Haaretz, Dec 19, 2013

This process, which is imposing a Jewish identity on a land that was largely Palestinian-Arab in its recent past, “necessitates” Jewish expansion accompanied by coerced religious, ethnic, cultural, political and, most crucial, geographic separation. Clearly, if the populations were to intermingle, the edge would be taken off the Judaizing process and a different − mixed − identity would be created.

[...] It is true that the Jewish colonization of Palestine/Israel stems in part from motives different from those of the other settler states mentioned. The Jews are not British, French or Russian imperialists who settle in distant lands, backed by vast military and economic might. They are, rather, a group of persecuted, expelled communities, first from Europe and subsequently from Islamic countries, who sought shelter in the land that was the cradle of their historic and mythical identity.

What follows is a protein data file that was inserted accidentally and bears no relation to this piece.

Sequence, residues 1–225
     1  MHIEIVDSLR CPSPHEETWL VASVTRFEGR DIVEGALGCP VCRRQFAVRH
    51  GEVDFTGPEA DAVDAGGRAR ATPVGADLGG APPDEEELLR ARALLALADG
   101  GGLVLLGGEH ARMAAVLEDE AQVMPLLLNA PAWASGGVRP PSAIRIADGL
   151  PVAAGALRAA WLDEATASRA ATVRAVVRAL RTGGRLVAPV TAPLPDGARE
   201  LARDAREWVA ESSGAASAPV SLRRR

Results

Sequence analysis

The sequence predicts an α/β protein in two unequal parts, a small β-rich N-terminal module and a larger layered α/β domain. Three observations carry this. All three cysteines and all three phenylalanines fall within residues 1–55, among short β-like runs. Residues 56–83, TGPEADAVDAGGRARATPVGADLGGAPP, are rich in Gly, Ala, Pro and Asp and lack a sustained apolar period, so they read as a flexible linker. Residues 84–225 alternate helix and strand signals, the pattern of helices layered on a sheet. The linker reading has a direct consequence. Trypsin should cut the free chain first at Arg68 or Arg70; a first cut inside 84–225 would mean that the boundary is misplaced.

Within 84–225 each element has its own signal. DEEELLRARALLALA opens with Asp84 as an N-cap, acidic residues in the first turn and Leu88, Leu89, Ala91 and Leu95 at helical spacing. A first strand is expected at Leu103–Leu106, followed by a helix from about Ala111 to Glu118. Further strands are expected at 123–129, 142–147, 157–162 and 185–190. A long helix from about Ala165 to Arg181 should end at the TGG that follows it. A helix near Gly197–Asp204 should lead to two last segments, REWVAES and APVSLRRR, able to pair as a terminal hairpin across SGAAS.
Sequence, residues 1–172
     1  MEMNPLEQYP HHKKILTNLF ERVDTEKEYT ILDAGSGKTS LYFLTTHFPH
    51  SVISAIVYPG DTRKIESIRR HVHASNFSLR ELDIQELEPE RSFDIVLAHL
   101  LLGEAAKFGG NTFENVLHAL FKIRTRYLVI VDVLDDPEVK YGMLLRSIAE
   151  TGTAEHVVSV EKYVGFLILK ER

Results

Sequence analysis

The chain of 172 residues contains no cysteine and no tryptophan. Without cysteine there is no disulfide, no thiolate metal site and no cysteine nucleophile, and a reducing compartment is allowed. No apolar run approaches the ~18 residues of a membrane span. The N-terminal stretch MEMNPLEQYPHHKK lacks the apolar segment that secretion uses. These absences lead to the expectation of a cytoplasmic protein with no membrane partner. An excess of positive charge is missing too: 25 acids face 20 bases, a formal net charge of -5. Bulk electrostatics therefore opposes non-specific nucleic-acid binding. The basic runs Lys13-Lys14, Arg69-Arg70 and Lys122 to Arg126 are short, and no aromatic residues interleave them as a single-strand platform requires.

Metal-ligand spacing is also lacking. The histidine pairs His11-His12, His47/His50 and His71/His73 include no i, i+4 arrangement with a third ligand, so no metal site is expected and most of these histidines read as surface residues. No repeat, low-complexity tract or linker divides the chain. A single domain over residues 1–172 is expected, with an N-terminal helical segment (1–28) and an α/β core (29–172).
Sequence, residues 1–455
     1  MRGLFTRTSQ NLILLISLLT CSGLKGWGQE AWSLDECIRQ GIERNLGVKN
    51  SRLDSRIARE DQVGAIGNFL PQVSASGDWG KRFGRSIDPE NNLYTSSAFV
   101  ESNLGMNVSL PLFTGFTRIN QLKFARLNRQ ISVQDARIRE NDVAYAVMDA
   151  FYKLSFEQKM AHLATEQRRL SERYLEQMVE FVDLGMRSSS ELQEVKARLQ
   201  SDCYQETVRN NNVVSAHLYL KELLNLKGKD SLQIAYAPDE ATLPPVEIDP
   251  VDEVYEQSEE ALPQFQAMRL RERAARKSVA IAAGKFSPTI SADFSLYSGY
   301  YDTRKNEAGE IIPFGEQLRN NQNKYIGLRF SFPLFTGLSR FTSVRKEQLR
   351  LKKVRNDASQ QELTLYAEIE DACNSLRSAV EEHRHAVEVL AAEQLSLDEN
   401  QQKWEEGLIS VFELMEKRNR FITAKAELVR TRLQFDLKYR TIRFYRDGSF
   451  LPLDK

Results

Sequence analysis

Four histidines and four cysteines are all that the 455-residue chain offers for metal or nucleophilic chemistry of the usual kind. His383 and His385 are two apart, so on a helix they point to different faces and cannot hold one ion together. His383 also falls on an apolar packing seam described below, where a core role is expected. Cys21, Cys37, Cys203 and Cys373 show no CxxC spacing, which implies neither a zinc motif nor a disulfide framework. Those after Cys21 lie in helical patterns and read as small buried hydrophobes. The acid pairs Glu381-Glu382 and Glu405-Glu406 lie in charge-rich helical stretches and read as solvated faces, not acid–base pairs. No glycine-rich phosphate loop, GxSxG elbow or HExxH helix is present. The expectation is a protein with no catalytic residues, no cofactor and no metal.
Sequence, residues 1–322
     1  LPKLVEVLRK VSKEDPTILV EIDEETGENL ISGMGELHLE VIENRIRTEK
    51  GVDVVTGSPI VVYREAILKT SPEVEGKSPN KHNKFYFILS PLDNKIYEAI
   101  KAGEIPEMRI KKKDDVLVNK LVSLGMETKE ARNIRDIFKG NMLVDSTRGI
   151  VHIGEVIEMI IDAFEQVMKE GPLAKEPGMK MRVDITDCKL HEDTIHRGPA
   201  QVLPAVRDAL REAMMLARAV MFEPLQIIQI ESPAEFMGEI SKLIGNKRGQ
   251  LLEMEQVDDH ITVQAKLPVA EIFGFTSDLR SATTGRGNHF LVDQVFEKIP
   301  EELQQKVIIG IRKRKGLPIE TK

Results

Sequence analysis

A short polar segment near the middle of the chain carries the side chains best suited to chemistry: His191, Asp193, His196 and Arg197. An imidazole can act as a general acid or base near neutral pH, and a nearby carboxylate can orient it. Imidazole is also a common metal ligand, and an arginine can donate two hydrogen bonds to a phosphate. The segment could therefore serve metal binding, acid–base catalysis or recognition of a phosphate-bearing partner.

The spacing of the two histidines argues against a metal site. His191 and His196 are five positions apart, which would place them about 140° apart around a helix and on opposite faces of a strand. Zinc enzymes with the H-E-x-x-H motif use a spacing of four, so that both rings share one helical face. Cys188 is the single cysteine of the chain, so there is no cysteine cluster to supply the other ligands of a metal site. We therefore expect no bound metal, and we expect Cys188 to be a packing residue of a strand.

[...] However, for the native inhabitants of this country − the Palestinians − the process of the Jewish takeover looked quite similar to other ethnic takeovers, which almost always assume the form of appropriation, settlement, expulsion and political subordination of the local population to settlers who come from afar.